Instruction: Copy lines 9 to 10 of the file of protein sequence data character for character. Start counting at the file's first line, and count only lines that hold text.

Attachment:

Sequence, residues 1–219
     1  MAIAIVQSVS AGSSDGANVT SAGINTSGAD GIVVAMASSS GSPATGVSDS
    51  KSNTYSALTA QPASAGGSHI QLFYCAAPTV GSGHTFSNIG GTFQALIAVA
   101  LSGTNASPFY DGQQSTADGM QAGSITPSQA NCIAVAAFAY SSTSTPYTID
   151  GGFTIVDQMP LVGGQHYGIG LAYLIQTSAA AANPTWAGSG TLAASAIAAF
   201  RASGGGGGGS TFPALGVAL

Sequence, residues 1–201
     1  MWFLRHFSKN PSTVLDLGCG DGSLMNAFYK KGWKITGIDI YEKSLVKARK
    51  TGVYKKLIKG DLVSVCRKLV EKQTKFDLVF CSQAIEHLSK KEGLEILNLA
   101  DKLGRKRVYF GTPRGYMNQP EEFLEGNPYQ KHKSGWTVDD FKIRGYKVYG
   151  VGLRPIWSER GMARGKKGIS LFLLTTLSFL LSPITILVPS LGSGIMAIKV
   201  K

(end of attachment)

    51  TGVYKKLIKG DLVSVCRKLV EKQTKFDLVF CSQAIEHLSK KEGLEILNLA
   101  DKLGRKRVYF GTPRGYMNQP EEFLEGNPYQ KHKSGWTVDD FKIRGYKVYG